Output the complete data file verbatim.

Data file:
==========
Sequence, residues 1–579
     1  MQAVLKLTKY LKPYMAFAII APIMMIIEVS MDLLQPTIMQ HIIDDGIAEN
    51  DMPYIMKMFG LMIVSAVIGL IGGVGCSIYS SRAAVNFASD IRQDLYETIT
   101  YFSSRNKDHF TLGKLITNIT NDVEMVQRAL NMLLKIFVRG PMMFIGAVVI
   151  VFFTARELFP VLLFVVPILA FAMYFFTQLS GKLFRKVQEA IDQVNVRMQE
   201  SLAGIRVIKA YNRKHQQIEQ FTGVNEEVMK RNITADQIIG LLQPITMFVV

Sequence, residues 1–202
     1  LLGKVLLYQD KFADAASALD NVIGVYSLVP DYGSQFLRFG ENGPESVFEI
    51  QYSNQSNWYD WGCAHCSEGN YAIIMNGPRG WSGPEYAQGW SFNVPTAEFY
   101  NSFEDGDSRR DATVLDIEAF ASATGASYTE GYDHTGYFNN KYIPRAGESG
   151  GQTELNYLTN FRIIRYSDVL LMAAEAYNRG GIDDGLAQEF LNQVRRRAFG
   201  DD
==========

Sequence, residues 1–579
     1  MQAVLKLTKY LKPYMAFAII APIMMIIEVS MDLLQPTIMQ HIIDDGIAEN
    51  DMPYIMKMFG LMIVSAVIGL IGGVGCSIYS SRAAVNFASD IRQDLYETIT
   101  YFSSRNKDHF TLGKLITNIT NDVEMVQRAL NMLLKIFVRG PMMFIGAVVI
   151  VFFTARELFP VLLFVVPILA FAMYFFTQLS GKLFRKVQEA IDQVNVRMQE
   201  SLAGIRVIKA YNRKHQQIEQ FTGVNEEVMK RNITADQIIG LLQPITMFVV

Sequence, residues 1–202
     1  LLGKVLLYQD KFADAASALD NVIGVYSLVP DYGSQFLRFG ENGPESVFEI
    51  QYSNQSNWYD WGCAHCSEGN YAIIMNGPRG WSGPEYAQGW SFNVPTAEFY
   101  NSFEDGDSRR DATVLDIEAF ASATGASYTE GYDHTGYFNN KYIPRAGESG
   151  GQTELNYLTN FRIIRYSDVL LMAAEAYNRG GIDDGLAQEF LNQVRRRAFG
   201  DD